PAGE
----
By Lori Solomon, Editor, Diagnostic Testing & Emerging Technologies
An initial assessment shows that the Choosing Wisely campaign is not having a large impact on changing use of low-value services, according to a paper published online Oct. 12 in JAMA Internal Medicine. While this evaluation only included one laboratory metric, the authors suggest that additional interventions are necessary for wider implementation of Choosing Wisely recommendations in general practice.
The Choosing Wisely campaign consists of more than 70 lists produced by specialty societies of medical practices (tests, services, or medications) or procedures of minimal clinical benefit to most patients. Since the campaign began pilots in 2009, more than 400 recommendations have been produced.
The current study was the largest attempt to date to quantify the frequency and trends of some of the earliest Choosing Wisely recommendations. The researchers retrospectively analyzed nationwide commercial health plan (Anthem-affiliated Blue Cross and Blue Shield health care plans) population-level data of medical and/or pharmacy claims for approximately 25 million members across the United States. The services included in seven selected recommendations were assessed quarterly over a 2- to 3-year span.
The seven selected recommendations included: four recommendations relating to diagnostic imaging (imaging tests for headache with uncomplicated conditions, cardiac imaging for members without a history of cardiac conditions, and preoperative chest x-rays with unremarkable history and physical examination results, and low back pain imaging for members without red-flag conditions); age guidelines for cervical cancer screening (human papillomavirus [HPV] testing for women younger than 30 years; and two recommendations related to inappropriate medication use (antibiotics for acute sinusitis and prescription nonsteroidal anti-inflammatory drugs [NSAIDs] for members with select chronic conditions [hypertension, heart failure, or chronic kidney disease]).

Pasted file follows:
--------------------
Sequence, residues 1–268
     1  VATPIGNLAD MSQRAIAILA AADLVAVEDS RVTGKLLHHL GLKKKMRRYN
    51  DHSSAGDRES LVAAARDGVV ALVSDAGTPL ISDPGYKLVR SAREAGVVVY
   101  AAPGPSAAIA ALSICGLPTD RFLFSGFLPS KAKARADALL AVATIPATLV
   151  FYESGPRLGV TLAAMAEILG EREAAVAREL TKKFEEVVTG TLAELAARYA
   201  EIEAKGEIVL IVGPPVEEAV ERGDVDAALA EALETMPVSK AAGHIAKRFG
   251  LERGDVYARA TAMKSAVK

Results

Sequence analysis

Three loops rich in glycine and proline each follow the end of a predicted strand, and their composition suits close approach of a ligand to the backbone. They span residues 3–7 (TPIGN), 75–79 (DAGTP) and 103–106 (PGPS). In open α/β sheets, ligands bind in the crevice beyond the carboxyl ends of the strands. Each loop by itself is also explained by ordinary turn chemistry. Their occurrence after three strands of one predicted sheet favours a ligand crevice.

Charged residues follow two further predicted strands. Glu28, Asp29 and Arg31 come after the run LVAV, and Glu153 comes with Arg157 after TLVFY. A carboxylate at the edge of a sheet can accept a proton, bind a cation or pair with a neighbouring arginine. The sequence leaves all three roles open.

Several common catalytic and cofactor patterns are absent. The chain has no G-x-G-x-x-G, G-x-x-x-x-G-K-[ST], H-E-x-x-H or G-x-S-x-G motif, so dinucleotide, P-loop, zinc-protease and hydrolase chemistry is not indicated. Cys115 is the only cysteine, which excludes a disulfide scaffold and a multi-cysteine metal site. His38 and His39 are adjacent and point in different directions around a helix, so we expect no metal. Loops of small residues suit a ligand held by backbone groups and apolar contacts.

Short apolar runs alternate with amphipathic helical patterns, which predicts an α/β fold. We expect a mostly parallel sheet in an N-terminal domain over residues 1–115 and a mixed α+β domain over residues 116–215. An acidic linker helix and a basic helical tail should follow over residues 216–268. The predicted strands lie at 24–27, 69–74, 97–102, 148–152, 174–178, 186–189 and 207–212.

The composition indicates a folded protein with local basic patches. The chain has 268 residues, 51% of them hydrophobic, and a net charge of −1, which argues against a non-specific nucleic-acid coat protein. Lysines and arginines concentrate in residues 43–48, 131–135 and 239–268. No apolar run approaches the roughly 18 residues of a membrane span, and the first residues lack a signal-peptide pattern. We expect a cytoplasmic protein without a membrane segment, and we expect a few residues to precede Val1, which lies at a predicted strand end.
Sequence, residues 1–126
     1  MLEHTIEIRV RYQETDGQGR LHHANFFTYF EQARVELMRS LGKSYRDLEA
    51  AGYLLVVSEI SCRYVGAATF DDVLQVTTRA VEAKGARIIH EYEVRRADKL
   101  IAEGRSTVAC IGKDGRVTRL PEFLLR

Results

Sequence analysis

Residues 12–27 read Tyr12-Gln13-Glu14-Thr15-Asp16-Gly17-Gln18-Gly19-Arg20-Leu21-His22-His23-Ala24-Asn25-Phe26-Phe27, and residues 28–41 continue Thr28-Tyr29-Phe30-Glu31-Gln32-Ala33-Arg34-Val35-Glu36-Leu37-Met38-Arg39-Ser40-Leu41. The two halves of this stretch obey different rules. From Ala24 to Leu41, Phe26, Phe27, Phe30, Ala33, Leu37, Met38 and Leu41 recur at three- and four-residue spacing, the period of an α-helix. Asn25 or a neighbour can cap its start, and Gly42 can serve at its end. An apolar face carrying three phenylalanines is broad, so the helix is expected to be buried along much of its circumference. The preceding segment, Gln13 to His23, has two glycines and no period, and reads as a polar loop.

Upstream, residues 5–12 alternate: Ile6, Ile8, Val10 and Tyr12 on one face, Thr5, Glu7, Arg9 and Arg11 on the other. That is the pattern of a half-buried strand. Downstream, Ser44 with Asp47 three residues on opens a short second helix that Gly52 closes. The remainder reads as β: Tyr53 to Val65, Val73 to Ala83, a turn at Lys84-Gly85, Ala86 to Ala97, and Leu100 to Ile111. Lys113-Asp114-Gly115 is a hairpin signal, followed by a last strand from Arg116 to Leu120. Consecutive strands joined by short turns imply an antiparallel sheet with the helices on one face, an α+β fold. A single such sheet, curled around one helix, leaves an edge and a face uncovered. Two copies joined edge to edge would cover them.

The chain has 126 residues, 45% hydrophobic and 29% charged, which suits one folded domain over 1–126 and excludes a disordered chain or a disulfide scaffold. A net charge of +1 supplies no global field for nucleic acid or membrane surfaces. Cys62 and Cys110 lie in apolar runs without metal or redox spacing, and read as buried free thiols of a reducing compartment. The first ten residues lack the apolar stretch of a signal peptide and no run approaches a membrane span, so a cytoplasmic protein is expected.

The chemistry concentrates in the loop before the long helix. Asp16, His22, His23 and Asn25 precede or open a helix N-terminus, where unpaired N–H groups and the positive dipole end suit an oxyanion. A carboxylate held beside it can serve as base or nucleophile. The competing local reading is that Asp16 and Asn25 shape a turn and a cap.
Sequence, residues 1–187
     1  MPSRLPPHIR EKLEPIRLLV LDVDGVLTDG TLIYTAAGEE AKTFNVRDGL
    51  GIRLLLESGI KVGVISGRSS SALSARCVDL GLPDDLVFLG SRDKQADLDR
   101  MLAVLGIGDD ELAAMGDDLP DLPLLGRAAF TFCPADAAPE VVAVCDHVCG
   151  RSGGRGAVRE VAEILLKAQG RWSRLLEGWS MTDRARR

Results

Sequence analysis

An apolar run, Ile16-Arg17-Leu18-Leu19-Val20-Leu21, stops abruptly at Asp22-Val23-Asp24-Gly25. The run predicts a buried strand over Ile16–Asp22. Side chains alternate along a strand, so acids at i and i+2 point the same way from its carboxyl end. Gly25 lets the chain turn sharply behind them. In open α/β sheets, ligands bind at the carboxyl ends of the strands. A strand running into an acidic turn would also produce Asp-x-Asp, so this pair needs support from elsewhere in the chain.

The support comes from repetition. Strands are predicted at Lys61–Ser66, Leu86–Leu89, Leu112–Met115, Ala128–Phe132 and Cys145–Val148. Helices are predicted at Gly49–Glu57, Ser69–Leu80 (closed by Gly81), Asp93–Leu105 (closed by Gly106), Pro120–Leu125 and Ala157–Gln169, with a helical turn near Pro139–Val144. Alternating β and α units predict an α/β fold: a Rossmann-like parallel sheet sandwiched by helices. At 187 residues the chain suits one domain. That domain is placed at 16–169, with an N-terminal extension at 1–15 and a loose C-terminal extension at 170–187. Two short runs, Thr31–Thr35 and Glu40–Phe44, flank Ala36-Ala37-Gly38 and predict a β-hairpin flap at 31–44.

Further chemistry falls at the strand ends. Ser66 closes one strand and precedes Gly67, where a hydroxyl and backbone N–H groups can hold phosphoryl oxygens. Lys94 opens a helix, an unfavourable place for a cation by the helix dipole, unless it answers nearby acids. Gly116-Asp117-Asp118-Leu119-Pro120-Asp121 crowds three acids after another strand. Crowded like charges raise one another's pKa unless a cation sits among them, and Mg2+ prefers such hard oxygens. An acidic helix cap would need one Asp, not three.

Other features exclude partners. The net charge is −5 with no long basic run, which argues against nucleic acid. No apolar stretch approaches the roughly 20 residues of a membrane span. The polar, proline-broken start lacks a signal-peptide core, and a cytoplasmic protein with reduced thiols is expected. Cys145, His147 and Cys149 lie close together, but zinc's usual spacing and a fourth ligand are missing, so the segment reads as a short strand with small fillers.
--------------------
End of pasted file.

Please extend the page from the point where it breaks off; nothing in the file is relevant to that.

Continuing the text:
The researchers found that two recommendations were tied to declines—use of imaging for headache (decrease from 14.9 percent to 13.4 percent) and cardiac imaging (decreased from 10.8 percent to 9.7 percent). Two services had increases, counter to recommendations: use of NSAIDs in select conditions (increase from 14.4 percent to 16.2 percent) and HPV testing in younger women (increased from 4.8 percent to 6.0 percent). The other recommendations did not have significant changes in use.
The authors note that even though the changes were "desirable" and statistically significant for headache and cardiac imaging, the changes were "modest," the effect sizes "marginal," and the clinical significance is "uncertain."
"Simple publication of recommendations—such as the Choosing Wisely lists—is insufficient to produce major changes to practice," write the authors led by Alan Rosenberg, M.D., from Anthem (Indianapolis, Indiana). "Our mixed results highlight the need for interventions beyond the current level of promotion, such as data feedback, physician communication training, systems interventions (e.g., clinical decision support in electronic medical records), clinician scorecards, patient-focused strategies, and financial incentives."
The authors additionally say specialty societies need to focus Choosing Wisely lists on procedures with a high baseline frequency of use. The researchers say they initially looked at an additional cervical cancer screening recommendation— Papanicolaou tests for women younger than 21 or with hysterectomy for noncancer disease, but existing use was so infrequent it was "unsuitable" for trend analysis.